“The humor element—the thing that drove Tim and I together—is almost a supernatural phenomenon,” says Heidecker, talking about a shared comic aesthetic as if he were talking about a romance. The lo-fi vibe was the fruit of the two of them applying a rudimentary approach to their ideas. They weren’t editors. Video-making was primordial. Their software was bad. “We didn’t know actors, so we were the actors; didn’t know how to make animation but couldn’t afford to pay someone. It was our spirit, the whole DIY, can-do nature of who we are,” says Wareheim. “That’s what comes through in stuff like Tom and Awesome Show. That’s us coming from Philly and hustling.”
Odenkirk loved their videos and began mentoring the pair, eventually jumping on board to help produce and develop a show. While Heidecker moved to New York, Wareheim held down the fort in Philadelphia until a buyer came through: Adult Swim. “We just went for it and up-and-moved to California as soon as Adult Swim made a small offer for our pilot, trusting that Bob would help us put it together,” Wareheim says.
It was a huge risk, but Heidecker and Wareheim were ready to gamble on that opportunity. “Adult Swim liked the sketch-character stuff on our video, but they thought Tom Goes to the Mayor was stronger,” says Wareheim. “Nothing we did was Hollywood,” he adds. “Odenkirk and [Adult Swim creative director Mike] Lazzo had been around the block and they weren’t looking to see more of the same, the boring, the usual, the obvious. To them, we were different.”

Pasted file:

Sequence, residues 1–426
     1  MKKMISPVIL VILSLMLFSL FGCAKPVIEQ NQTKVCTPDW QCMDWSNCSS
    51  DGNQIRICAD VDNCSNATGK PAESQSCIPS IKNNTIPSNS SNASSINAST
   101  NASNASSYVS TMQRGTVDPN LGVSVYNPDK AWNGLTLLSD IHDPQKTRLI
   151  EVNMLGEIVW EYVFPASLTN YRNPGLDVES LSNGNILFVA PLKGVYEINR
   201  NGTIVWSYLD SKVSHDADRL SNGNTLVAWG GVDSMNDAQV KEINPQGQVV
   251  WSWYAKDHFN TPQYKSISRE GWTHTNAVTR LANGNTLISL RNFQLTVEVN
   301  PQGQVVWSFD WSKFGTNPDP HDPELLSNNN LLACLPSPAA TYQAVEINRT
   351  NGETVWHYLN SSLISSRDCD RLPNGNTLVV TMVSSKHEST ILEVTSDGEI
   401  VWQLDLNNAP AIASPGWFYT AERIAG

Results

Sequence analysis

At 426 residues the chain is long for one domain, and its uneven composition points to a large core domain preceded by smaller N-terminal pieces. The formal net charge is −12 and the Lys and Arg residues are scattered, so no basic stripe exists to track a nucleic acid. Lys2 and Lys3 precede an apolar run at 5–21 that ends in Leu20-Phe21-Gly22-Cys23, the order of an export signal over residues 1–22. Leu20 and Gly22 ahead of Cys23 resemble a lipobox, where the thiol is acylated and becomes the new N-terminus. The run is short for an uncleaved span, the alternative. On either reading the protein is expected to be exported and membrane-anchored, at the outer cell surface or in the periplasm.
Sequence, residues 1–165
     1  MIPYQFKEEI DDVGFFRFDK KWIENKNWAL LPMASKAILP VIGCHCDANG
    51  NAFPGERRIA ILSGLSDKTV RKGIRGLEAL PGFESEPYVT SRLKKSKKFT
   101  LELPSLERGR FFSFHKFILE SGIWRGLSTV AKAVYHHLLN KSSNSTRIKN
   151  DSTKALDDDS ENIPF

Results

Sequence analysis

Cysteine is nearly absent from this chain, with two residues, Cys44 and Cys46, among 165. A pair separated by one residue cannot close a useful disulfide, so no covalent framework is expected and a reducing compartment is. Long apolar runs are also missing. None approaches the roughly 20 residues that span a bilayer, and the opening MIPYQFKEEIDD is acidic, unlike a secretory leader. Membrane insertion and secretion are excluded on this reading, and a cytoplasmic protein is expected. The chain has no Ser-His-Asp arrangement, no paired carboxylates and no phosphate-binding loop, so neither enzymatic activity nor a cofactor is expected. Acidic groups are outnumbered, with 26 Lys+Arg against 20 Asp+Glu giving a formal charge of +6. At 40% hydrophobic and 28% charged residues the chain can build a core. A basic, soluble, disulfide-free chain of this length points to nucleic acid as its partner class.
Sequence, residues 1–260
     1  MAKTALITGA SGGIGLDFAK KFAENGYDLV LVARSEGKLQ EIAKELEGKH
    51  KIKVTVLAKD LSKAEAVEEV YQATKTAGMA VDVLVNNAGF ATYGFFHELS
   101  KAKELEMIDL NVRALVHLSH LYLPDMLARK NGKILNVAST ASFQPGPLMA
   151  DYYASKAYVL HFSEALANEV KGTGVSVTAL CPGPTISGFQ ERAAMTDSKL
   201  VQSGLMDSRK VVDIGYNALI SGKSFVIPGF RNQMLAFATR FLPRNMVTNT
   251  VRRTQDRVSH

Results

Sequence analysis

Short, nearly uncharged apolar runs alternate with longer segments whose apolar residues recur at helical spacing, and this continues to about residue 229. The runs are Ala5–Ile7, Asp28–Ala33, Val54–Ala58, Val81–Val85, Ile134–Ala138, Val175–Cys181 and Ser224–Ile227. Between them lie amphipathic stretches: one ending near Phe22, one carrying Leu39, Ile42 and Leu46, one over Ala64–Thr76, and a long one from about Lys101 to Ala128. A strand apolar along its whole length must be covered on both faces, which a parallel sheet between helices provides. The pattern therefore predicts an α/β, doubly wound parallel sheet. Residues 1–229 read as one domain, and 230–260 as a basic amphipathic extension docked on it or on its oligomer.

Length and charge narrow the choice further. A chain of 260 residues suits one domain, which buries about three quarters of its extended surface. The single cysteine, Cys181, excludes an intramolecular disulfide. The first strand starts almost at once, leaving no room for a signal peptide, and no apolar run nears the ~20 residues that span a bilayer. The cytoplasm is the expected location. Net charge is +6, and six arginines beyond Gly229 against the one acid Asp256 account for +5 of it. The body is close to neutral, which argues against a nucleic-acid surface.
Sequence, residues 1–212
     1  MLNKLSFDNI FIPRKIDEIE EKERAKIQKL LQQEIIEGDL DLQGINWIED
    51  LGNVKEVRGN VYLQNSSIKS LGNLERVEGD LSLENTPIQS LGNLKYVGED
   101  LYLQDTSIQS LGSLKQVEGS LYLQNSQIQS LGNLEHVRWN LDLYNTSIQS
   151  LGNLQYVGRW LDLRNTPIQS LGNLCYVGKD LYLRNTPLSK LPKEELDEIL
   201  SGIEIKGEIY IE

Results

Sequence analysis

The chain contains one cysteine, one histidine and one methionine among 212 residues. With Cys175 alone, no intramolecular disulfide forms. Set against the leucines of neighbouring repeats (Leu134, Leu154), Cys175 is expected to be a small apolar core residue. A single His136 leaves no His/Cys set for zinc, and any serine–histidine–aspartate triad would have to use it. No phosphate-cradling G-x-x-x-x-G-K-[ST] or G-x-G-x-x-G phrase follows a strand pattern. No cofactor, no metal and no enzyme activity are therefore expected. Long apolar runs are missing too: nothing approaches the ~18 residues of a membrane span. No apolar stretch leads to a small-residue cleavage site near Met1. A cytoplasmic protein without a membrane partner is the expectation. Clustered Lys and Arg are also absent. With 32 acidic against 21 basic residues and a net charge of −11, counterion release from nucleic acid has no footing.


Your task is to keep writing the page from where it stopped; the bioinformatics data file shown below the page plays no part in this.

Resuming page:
Lazzo and Odenkirk were so pleased with the difference (as were fans such as David Cross and Jack Black, who made appearances and talked the duo up to their friends) that when Tom Goes to the Mayor came and went after only two seasons, no one fretted. It was simply time for Heidecker and Wareheim to stretch and show off their strongest suit.
“We made stuff on the Internet and performed live in LA on the side while we were making Tom so that when it ended, we wanted to do a sketch show next,” says Wareheim. “They wanted us to keep swinging the bat,” Heidecker adds. “There were things we were writing and conceiving that had this Channel 5 KTLA UHF feel, but we weren’t motivated to make things look randomly bad. Awesome Show was not [about] how bad anything looks or we look. It’s a feeling. If we were doing a Cinco commercial [for the blandly ubiquitous fictional corporate brand that sells everything from Food Tubes to Privacy Helmets to B’Owl—a combination bat and owl], it couldn’t be randomly bad. It had to be the look that served the idea the strongest.”
Usually that meant the cable access vibe that served everything from appearances from actor Tairy Greene (Zach Galifianakis) to “Child Showcase” participant Joshua Beard (Patton Oswalt). “It was nice having somebody established like Bob [Odenkirk] who could call in favors, vouch for you, be a part of what you’re doing—not just to bring in another comic’s audience, but to signal that we were OK, and that our shows were cool to do,” notes Heidecker. “This was before YouTube exploded, so you exposed yourself however you could on the Internet and different pockets of people aligned with you for cool cred.”
Wareheim laughs about offering stars such as Jeff Goldblum “not a lot of money” to come to Hollywood for an hour and goof off in their studio. “People were happy to do it, plus we gave them control so that they could develop their own characters,” he says. “Then after a time, people would call us to come in.”
The one man who really helped turn that tide was “Weird Al” Yankovic, who, as a fan of the pair, sought them out to work on a character away from his usual. “We were floored and flipping out since we had grown up with [his work],” says Wareheim. “It’s funny. We’ve been in the biz for like twelve years and people ask us to be on their shows all the time, which is great. But it’s a thirteen-hour commitment at least, considering fittings and stuff. Now, imagine Awesome Show, where we asked people to come in for an hour and improvise. That’s a dream gig.”